In 2018 we were able to present a poster of this effort at the National Entomological Society of America meeting, see attached product. Our on-farm collaborator began to manufacture wooden ware for beekeeping and product demands increased so much that queen rearing was no longer a priority. The management of varroa mite infestations and integrated pest management in beekeeping has remained a challenge in beekeeping. We were able to convert three Extension fact sheets into webpages to further support these efforts in Virginia. The website url’s are below:

 

In the spring of 2021, we were able to work with Washington County Cooperative Extension and the Highlands Beekeepers Association on an in-person Varroa Mite Management workshop, that also included an on-site demonstration hosted by our on-farm collaborator. This effort was the result of a serious reexamination of how we as beekeepers and pest managers look at the problem of Varroa mite. The PI was able to synthesize the most recent literature focusing on the recent revelation of the true feeding habits and damage of the mite in the significant works by Ramsey et al. 2019 and Traynor et al. 2020. A modified version of this presentation can be found at: https://youtu.be/gBye1z1PJbg

 

Cited Material:

Honey Bee Healthy Coalition Home Page: https://honeybeehealthcoalition.org/

HBHC Resources: https://honeybeehealthcoalition.org/varroa/

Includes:

            Varroa Management Decision Tool

            Varroa Bee Club Program

            Varroa Videos (Demonstrations)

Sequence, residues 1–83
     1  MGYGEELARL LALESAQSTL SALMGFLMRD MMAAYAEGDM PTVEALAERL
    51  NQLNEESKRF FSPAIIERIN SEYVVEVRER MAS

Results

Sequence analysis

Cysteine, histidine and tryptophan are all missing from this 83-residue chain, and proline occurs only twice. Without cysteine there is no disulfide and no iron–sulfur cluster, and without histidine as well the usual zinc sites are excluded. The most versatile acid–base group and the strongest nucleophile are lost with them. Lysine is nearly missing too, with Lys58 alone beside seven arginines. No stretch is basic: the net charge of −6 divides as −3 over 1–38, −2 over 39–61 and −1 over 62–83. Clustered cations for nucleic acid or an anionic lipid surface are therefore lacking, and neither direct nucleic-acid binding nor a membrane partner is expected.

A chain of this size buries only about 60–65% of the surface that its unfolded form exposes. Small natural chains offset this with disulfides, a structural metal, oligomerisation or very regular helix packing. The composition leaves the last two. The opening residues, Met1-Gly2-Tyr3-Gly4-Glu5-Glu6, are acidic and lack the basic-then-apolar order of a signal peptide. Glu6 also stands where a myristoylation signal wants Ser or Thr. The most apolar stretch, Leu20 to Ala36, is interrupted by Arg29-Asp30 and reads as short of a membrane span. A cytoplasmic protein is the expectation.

Varroa Management Guide

            Varroa IPM Spreadsheet

 

HBHC Guide Document: https://honeybeehealthcoalition.org/wp-content/uploads/2018/06/HBHC-Guide_Varroa_Interactive_7thEdition_June2018.pdf

HBHC Hive Management Best Management Practices: https://honeybeehealthcoalition.org/hivehealthbmps/

HBHC Foulbrood Guide: https://honeybeehealthcoalition.org/foulbrood/

Bee Informed Partnership: https://research.beeinformed.org/

MiteCheck Survey: https://research.beeinformed.org/mitecheck/

Journal of Integrated Pest Management Open access article: Download Link

Biology and Management of Varroa destructor (Mesostigmata: Varroidae) in Apis mellifera (Hymenoptera: Apidae) Colonies 

Morgan A Roth, James M Wilson, Keith R Tignor, Aaron D Gross

Journal of Integrated Pest Management, Volume 11, Issue 1, 2020, 1, https://doi.org/10.1093/jipm/pmz036

Varroa destructor feeds primarily on honey bee fat body tissue and not hemolymph

Samuel D. Ramsey, Ronald Ochoa, Gary Bauchan, Connor Gulbronson, Joseph D. Mowery, Allen Cohen, David Lim, Judith Joklik, Joseph M. Cicero, James D. Ellis, David Hawthorne, Dennis vanEngelsdorp

Proceedings of the National Academy of Sciences Jan 2019, 116 (5) 1792-1801; DOI: 10.1073/pnas.1818371116 : https://www.pnas.org/content/116/5/1792

Varroa destructor: A Complex Parasite, Crippling Honey Bees Worldwide Kirsten S. Traynor, Fanny Mondet, Joachim R. de Miranda, Maeva Techer, Vienna Kowallik, Melissa A.Y. Oddie, Panuwan Chantawannakul, Alison McAfee

Trends in Parasitology, Volume 36, Issue 7, 2020, Pages 592-606, ISSN 1471-4922, https://doi.org/10.1016/j.pt.2020.04.004.

(https://www.sciencedirect.com/science/article/pii/S147149222030101X)

Research results and discussion:

Our on-farm collaborator began to manufacture wooden ware for beekeeping and product demands increased so much that queen rearing was no longer a priority. The management of varroa mite infestations and integrated pest management in beekeeping has remained a challenge in beekeeping. We were able to convert three Extension fact sheets into webpages to further support these efforts in Virginia. The website url’s are below: